John Polkinghorne argues that the study of physics need not preclude a belief in the Almighty.
The belief in the existence of God, as defined by concepts that would be held in common by the three great monotheistic world faiths - Judaism, Christianity and Islam - means that reality makes total sense and that the key explanatory principle needed for understanding is the recognition that the world is the creation of a divine agent. This, in turn, implies four statements that need to be defended: that there is a Mind behind the order of the world; a Purpose behind its unfolding history; that the One thus revealed is worthy of worship; and that God is the ground of an everlasting hope.
A key word in the vocabulary of a scientist is "wonder", the response evoked by the marvellous order of the physical world revealed to our inquiry. For those of us who have worked in fundamental physics, this feeling is particularly intense, for it has been our experience that the laws of nature are always expressed in equations of unmistakable mathematical beauty.
Is it just luck that the universe is both rationally transparent and rationally beautiful - in a word, that science is both possible and deeply rewarding? Personally, I cannot think that this remarkable fact is simply a happy accident. That the world is shot through with signs of a Mind becomes intelligible if there is indeed the Mind of its Creator behind cosmic order. The argument is not a knock-down one, but it is coherent and intellectually satisfying.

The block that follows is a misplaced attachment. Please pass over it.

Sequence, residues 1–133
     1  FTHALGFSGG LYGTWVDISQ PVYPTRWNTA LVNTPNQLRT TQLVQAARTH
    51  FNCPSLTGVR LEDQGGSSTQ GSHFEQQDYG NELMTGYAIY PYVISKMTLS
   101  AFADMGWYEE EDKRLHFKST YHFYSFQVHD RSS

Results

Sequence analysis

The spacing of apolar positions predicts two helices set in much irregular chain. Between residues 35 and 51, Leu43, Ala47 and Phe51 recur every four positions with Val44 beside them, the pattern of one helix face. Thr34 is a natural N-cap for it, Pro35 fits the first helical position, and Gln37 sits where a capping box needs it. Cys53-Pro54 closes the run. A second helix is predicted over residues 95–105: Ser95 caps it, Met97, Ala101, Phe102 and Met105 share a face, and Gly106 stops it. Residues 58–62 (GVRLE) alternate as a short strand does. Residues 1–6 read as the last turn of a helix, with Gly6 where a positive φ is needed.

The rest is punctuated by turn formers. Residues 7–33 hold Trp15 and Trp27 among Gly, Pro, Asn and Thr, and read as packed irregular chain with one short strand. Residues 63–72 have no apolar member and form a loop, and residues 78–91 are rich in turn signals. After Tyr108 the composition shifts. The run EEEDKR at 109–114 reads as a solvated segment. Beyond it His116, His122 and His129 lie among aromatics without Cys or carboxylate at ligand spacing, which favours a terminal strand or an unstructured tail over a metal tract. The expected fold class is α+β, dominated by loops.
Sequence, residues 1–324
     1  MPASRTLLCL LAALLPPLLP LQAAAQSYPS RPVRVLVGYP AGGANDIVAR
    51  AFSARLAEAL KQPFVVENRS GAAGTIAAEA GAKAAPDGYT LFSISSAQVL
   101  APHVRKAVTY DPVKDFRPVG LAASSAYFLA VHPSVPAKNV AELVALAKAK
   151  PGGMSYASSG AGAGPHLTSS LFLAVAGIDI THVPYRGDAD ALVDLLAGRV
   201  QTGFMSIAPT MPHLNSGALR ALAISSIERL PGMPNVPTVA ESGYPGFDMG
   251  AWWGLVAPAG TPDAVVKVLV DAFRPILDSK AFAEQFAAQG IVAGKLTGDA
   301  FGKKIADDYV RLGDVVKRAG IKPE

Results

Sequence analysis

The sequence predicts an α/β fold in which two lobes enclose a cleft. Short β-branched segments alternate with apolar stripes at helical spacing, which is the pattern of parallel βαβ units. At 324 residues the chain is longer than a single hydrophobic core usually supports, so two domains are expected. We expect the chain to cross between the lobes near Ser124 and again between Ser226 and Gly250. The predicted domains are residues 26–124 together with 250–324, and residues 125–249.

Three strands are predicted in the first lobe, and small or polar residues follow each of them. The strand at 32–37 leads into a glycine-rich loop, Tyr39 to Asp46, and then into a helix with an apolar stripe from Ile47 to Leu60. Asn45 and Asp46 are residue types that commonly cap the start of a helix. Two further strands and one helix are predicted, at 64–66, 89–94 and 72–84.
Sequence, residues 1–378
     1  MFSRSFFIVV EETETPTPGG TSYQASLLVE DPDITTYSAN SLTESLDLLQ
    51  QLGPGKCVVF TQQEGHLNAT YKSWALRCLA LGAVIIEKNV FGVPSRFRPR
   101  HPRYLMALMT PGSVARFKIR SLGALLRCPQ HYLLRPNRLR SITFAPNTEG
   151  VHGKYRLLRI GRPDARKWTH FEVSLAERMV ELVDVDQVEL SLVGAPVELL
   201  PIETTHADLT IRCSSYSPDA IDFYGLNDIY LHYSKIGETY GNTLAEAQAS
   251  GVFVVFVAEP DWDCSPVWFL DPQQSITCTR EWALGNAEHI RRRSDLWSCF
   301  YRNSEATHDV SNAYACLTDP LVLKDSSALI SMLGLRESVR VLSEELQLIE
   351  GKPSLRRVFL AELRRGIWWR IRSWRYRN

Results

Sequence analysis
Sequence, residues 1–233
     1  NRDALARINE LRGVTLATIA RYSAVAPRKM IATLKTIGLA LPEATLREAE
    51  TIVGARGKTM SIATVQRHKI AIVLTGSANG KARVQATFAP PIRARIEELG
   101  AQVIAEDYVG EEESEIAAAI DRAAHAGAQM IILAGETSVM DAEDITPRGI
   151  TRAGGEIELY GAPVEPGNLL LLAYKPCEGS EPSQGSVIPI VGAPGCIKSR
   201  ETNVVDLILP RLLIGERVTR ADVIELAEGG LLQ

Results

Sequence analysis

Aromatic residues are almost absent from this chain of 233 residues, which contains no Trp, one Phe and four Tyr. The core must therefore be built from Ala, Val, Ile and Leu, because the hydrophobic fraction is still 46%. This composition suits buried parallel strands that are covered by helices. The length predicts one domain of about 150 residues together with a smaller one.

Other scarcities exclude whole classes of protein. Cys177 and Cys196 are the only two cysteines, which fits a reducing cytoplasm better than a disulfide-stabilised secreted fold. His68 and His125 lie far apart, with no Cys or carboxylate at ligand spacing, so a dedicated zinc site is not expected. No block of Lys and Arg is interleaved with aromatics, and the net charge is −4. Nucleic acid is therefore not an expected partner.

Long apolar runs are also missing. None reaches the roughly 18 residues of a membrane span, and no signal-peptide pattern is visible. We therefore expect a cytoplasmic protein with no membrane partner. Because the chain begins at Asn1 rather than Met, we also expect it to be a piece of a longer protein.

The universe as we know it started with the big bang about 15 billion years ago with an almost uniform expanding ball of energy. It is now rich and diversely structured. In the coming into being of self-conscious humankind, the universe became aware of itself, the most astonishing development that we know about in all that 15-billion-year history. These facts alone might suggest that more was happening in that history than just one thing after another. Moreover, while it took 11 billion years for any form of terrestrial life to develop, there is a real sense in which the universe was pregnant with that life from the start.
The scientific insights collected together under the rubric of the Anthropic Principle tell us that the development of carbon-based life was possible only because the laws of nature that define the physical fabric of the world took a specific, "finely tuned" form. For instance, a delicate balance between gravity and electromagnetism is necessary if stars such as the sun are to be able to burn steadily for the billions of years required for fuelling the development of life on an encircling planet. The nuclear forces had to be just right if carbon and the other elements essential to life were to be formed in the interior furnaces of first-generation stars.